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BSODs - Most likely a hardware issue


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#1 andrewset

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Posted 09 May 2012 - 06:35 PM

Hello,

I originally posted this problem in the "Virus, Trojan, Spyware, and Malware Removal Logs" board seen here http://www.bleepingcomputer.com/forums/topic452408.html and was told, "The logs are clear and I believe that your problems are hardware and not malware. Post on the hardware forum here and get some help from the members there." So here I am.

As stated in that thread:

Posted 04 May 2012 - 10:26 AM
My computer will give BSODs ever since I--as far as I know--accidentally pulled out the monitor cable behind the computer tower. I put it back in and all, so maybe that's not the cause, I just don't know how it started. But if a HiJack This log tells you what you need to know to help me, I've attached it. (seen in other thread, but cleared by someone) I don't want to give you any erroneous info, I just want the BSODs to end so I can actually use my computer for more than 5 minutes before it gets another BSOD. (which is what happens anytime I'm not in Safe Mode) I'd like this handled ASAP, as soon as someone can. Thanks!

EDIT:
I don't want to mislead anyone with any BSODs that -may- not matter, but in case it helps in conjunction with the attached HiJackThis log, examples of BSODs stop errors and mentioned filenames I got include:
The driver is mismanaging system PTEs. (I uninstalled and manually reinstalled the latest NVIDIA graphics driver as a result of this BSOD)
DRIVER_IRQL_NOT_LESS_OR_EQUAL
tcpip.sys
REFERENCE BY POINTER
rr172x.sys

And new stop messages since then, in order of occurence:
MEMORY_MANAGEMENT
MULTIPLE_IRP_COMPLETE_REQUESTS
Unhandled exception in a registry filtering driver
Mpfilter.sys
intelppm.sys

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#2 hamluis

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Posted 10 May 2012 - 06:39 AM

Let's try this.

Download/install BlueScreenView, http://www.nirsoft.net/utils/blue_screen_view.html .

Double-click BlueScreenView.exe file.

When autoscan is done (screen comes up), click Edit/Select All...then File/Save Selected Items.

Save the report as BSOD.txt.

Open BSOD.txt, copy all content and paste it into your next reply.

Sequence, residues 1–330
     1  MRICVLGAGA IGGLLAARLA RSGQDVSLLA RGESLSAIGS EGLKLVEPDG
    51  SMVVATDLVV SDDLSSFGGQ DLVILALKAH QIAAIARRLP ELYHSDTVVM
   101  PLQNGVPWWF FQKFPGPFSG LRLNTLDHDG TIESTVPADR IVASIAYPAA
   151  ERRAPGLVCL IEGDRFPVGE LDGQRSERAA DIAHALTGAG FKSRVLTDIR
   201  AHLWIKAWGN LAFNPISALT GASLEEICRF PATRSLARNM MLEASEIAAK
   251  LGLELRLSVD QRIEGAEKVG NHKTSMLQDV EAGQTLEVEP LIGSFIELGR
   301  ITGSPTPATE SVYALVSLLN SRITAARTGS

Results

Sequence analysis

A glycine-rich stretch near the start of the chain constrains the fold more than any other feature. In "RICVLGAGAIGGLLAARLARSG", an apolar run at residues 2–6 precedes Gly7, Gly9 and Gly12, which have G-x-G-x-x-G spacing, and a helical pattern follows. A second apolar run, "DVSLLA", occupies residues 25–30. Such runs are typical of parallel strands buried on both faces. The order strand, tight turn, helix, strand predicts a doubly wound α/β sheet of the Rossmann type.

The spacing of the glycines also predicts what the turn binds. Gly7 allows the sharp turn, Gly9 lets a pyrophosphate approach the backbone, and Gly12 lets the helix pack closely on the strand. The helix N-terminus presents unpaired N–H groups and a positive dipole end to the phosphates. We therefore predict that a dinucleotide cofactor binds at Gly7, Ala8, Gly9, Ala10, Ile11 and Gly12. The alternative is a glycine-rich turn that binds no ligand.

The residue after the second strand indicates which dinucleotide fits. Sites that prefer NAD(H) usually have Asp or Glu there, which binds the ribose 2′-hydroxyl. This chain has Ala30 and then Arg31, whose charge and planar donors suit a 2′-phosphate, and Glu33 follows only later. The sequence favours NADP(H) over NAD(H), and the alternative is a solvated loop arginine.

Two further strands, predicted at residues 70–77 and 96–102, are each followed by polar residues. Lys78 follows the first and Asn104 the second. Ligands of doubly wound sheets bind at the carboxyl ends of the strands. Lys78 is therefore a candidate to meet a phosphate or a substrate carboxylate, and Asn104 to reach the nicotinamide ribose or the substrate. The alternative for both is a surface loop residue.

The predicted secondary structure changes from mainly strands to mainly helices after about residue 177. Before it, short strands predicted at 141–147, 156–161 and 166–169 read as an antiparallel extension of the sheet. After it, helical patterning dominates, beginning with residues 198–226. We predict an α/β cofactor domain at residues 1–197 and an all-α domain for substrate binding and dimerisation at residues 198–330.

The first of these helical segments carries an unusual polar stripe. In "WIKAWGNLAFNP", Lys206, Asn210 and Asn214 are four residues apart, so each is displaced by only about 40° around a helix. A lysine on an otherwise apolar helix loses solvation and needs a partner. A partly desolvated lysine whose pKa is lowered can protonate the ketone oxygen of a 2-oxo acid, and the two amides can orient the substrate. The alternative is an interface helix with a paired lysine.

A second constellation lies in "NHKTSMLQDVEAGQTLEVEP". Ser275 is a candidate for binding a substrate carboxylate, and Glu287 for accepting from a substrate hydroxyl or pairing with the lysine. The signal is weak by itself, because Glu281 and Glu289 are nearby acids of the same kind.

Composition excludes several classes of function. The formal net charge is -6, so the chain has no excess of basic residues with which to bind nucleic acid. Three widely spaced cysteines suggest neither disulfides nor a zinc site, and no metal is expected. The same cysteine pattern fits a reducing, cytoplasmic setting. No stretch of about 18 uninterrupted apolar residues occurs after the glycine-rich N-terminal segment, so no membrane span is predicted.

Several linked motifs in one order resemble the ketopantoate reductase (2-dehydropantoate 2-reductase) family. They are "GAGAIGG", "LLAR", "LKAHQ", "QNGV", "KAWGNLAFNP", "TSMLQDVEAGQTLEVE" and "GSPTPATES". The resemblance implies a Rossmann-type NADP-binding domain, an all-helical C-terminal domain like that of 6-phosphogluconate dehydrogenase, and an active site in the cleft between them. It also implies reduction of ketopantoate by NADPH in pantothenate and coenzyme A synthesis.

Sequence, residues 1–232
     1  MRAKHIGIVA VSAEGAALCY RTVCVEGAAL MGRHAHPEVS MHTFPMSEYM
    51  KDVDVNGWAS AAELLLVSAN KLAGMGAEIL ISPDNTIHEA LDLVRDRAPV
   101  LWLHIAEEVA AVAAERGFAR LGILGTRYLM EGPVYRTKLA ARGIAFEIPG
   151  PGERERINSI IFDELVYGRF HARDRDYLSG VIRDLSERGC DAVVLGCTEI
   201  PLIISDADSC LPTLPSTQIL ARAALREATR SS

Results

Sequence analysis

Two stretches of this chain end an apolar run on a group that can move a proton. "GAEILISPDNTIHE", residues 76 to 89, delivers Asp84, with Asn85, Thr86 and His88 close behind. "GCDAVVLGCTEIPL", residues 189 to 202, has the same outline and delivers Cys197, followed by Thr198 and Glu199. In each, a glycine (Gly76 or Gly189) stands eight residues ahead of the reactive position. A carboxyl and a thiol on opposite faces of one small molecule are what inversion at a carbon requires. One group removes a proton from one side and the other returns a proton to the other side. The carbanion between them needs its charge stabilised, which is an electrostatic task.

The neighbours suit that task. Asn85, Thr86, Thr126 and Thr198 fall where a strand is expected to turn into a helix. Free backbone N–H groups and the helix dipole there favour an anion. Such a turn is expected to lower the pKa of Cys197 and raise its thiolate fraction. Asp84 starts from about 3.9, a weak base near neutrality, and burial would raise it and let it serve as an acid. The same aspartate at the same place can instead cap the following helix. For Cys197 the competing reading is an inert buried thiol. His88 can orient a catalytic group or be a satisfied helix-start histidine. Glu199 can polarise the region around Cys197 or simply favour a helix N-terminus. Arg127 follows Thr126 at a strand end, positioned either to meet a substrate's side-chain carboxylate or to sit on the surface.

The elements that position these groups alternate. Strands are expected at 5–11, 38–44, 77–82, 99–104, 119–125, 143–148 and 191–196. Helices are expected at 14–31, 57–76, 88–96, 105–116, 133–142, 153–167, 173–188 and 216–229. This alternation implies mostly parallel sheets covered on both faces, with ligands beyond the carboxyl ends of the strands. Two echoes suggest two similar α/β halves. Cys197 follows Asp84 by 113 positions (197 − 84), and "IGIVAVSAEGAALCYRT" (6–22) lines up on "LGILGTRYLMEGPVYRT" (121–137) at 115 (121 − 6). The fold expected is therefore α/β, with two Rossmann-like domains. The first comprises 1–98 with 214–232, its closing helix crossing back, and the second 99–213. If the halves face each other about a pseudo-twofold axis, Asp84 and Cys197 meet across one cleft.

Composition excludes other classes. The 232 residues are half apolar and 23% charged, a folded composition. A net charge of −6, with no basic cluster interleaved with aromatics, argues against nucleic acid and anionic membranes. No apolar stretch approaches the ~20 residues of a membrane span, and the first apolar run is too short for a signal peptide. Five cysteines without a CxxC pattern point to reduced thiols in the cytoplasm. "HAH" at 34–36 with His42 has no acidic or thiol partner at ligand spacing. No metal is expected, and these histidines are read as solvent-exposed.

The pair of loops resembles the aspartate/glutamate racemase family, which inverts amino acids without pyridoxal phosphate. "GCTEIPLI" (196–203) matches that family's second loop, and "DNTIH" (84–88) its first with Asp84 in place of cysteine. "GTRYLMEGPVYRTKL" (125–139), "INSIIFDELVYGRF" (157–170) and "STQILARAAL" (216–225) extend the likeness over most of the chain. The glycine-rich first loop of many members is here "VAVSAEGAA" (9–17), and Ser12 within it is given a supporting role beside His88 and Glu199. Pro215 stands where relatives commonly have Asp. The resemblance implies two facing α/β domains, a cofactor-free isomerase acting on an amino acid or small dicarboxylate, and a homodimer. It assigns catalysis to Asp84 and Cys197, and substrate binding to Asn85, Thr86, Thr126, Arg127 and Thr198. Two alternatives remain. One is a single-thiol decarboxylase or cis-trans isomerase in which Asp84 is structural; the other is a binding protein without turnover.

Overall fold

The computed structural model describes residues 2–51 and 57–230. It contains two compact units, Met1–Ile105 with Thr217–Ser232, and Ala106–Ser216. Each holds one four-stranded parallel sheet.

Louis

#3 andrewset

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Posted 10 May 2012 - 12:39 PM

Let's try this.

Download/install BlueScreenView, http://www.nirsoft.net/utils/blue_screen_view.html .

Double-click BlueScreenView.exe file.

When autoscan is done (screen comes up), click Edit/Select All...then File/Save Selected Items.

Save the report as BSOD.txt.

Open BSOD.txt, copy all content and paste it into your next reply.

Louis

This was the third time BlueScreenView was suggested to me, but it never shows any BSODs. The windows are just white and blank. If there's a way to make results show there, I can do that. :)

#4 hamluis

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Posted 10 May 2012 - 01:59 PM

OK...let's try this:).

Search your hard drive for files ending in .dmp. You do that by...Start/Search...click All Files/Folders...use *.dmp for search string, after ensuring that search criteria includes all system and hidden files.

Your .dmp files should be in C:\Windows\Minidump folder (also written as %SystemRoot%\Minidump folder). If you have them and they are not in that folder, drag or cut-and-paste existing files to that folder.

Louis

#5 andrewset

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Posted 10 May 2012 - 05:37 PM

I'm using the computer in Safe Mode right now to talk to you. Unfortunately there are no .dmp's on the computer, nor is there a C:\Windows\Minidump directory. If it helps, I remember going through these same suggestions at least a couple times in the past for whatever issues I've had before and came to this forum to deal with, unrelated to this occurrence. For whatever reason, my computer just doesn't create and -has- never created crash dumps. Whenever I get a BSOD, several times a day these days, it always claims to be "Initializing crash dump..." but it never does, it's just frozen, which I know for sure because I even let it run overnight one time and it was simply that screen in the morning too. I assume this lack of creating crash dumps is the reason we never have .dmp files and why BlueScreenView doesn't show any stop errors. I do remember something in Control Panel showing stop errors, like a long listing of info and possible clues about the stop errors at each time they occurred in the day. I can also give you any information appearing on the stop errors themselves. I never bother to record the long numbers like 0x000... etc., though I can start doing it if it helps you because I'm so desperate to end this long ordeal. If it helps, to add to the many stop errors I shared with you before, the most recent stop errors include:
CLFS.sys
BAD_POOL_CALLER
If possible let's get to the source of the stop errors so we can eliminate the problem before this problem has been allowed to run for a full week. :)

EDIT:
Also, although I'm not a computer guru--that's why I'm here--I think that since the computer doesn't seem to ever BSOD in Safe Mode, which I'm in now, then it has to be a driver issue? I imagine that should aid us greatly. What's the best way to determine a bad driver? A BSOD mentioned running 'driver verifier' and/or enabling special pool, for instance.

Edited by andrewset, 10 May 2012 - 07:07 PM.


#6 AustrAlien

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Posted 10 May 2012 - 07:14 PM

The most pressing issue at this time is lack of free space on the Windows system drive.

From the OTL log:

Drive C: | 465.68 Gb Total Space | 22.59 Gb Free Space | 4.85% Space Free | Partition Type: NTFS